I read the beginning of this book excitedly and quickly. I liked watching the relationship happen. I like the exchanges and the meshing of two lives before me. I read the end of this book pained and disturbed as I was normally hunched and curled up with my hand by my mouth and unaffected by the world around me. I wanted the relationship to work very badly and felt as if I was within it and trying to work it out. As I walked around throughout the day I heard Haley and Dakota's voices in my head....more
Telaina
If this hypoxic drivel is what is going to be acclaimed as good literature and good novel writing over the next generation, kill me now. While it is obvious Lin is a unique and talented writer, the self-obsession and minimalism of the prose is affected and posturing and unworthy of a writer with this much potential. Mere words cannot describe how much I hated this book and its surface and glossy treatment of the true suffering in this world.
Ryan Mooney
Over 200 pages, Haley Joel Osment and Dakota Fanning incessantly blather about suicide, sex, Whole Foods and generally being fucked. Over and over. The darkest humor; not for the faint of heart.
David Beasley
i might have hated this book.
but i can't tell, so 5 stars and i think you should read it.

Lockhart19
A bizarre book detailing an unevenly-weighted romance between characters named Dakota Fanning and Haley Joel Osment, mostly documented through the use of Gmail Chat. Yes, really. The uneven nature of their relationship becomes more clear as the book progresses, as Dakota Fanning (never simply 'Dakota') is only 16 or 17, while Haley Joel Osment (Tao Lin's stand-in) is approximately 25 and lives independently. The novel is at least partially based upon a relationship that Tao Lin had with a younge...more
Dave
I really, really like this book and I'm not sure why. Days after finishing it I need another Tao Lin fix, but I've already read "Shoplifting at American Apparel" and his other novel isn't easy to find.

Lin's minimalist, literal style is really intoxicating to me. It was what initially drew me to "Shoplifting" and he has really honed it even more with this novel by adding a lot of gchat and email conversations. As other people have written here, it's an easy imitable style, but I bet it's also no...more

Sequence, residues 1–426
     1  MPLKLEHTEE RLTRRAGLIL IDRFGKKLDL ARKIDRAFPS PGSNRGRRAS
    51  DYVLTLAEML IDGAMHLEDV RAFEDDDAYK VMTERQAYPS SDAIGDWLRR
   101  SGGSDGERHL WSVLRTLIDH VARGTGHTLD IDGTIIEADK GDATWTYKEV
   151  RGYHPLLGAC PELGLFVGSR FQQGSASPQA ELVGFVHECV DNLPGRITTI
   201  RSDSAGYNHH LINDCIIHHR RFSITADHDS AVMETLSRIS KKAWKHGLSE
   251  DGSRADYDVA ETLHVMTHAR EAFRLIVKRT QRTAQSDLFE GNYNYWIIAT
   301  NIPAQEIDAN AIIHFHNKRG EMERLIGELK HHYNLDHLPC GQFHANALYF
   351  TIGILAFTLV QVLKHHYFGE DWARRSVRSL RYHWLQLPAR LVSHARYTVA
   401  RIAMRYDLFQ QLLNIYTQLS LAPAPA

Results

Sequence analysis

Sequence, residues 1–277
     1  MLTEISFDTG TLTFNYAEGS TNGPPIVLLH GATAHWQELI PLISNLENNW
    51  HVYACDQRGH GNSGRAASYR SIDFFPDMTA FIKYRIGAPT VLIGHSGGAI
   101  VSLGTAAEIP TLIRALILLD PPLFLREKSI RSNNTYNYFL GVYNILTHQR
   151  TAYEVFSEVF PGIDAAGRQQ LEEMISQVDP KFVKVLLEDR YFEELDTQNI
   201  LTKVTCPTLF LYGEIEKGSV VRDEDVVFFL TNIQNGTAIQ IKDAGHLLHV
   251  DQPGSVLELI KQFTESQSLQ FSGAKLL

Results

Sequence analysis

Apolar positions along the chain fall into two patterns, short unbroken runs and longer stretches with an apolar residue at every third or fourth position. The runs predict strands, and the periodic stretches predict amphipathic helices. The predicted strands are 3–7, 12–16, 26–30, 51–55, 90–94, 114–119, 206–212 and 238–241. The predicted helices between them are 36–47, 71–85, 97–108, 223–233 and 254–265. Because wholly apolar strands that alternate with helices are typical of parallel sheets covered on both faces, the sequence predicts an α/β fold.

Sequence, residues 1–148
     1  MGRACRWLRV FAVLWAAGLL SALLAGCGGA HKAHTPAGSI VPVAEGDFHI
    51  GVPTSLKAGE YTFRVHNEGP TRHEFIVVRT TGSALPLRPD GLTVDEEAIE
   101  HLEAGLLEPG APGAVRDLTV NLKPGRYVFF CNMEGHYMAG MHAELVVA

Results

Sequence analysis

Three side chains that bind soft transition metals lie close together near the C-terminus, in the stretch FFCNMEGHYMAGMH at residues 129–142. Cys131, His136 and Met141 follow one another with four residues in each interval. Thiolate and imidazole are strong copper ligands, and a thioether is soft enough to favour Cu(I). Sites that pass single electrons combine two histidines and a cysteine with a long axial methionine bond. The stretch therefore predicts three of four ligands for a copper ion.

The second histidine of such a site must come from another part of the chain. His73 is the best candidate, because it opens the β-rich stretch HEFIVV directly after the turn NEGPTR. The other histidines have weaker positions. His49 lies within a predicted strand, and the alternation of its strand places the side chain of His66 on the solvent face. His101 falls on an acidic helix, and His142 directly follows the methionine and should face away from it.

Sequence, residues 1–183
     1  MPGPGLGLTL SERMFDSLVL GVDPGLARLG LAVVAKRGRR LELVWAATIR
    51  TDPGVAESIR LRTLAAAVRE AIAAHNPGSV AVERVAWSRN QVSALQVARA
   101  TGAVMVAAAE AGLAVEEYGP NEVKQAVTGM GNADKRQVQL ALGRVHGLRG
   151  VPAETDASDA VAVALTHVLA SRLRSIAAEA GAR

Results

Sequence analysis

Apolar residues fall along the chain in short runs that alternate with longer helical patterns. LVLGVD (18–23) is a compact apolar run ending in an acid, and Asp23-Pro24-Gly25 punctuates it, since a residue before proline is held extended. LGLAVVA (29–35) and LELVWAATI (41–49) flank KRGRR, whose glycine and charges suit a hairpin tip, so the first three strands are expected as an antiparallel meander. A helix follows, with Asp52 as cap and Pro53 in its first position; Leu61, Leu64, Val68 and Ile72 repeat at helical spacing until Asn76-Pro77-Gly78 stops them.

Ali Adams
This review has been hidden because it contains spoilers. To view it, click here.
Rowena
when i first started reading this, i thought, absurd. but i thought about why and the only reason i thought that was because of the names. if the characters had been named anything else i would have taken this book differently, which i did when i realized this. subsequently i realized how good this was. it's like an improved cohesive version of Eeeee Eee Eeee (ie written with tao lin's signature deadpan minimalism used in a much better way). the ending (view spoiler)...more
Void
Richard Yates isn't a novel- it's an experience.

Once I started reading I couldn't put it down. Not because I was interested; it was akin to watching a trainwreck that you can't peel your eyes from. You don't want to hear bits and pieces of the story, you want to see the entire thing for yourself no matter how boring details get or how long it takes.

The first half of the book moved along smoothly with conversations and scant meetings between Dakota Fanning and Haley Joel Osment. The bumps in...more
Jess
Richard Yates by Tao Lin is about 22 year old Haley Joel Osment, a writer and graduate of New York University, and his 16 year old girlfriend Dakota Fanning. Haley Joel Osment lives in Manhattan and meets Dakota fanning on the internet. After hours of gmail chat conversations, emails, and phone conversations Haley travels to New Jersey. They keep their relationship a secret from Dakota’s mother for months. Richard Yates follows Haley and Dakota as they hide the relationship, travelling back and...more
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“I think you like other things better than me," he said on Gmail chat that night. "I mean generally you like things that aren't people. More than people. Like eating or sleeping or something. If you don't want to do something then just tell me and we don't have to be boyfriend and girlfriend anymore, instead of just pretending or something."

"I want to be boyfriend and girlfriend," said Dakota Fanning. "I am learning. I know what to do."

"I don't understand when people don't do what they say they want to do."

"Me either," said Dakota Fanning. "That's why I don't understand myself or like myself."

"I still don't understand," said Haley Joel Osment.

"I'm killing myself," said Dakota Fanning. "Good night.”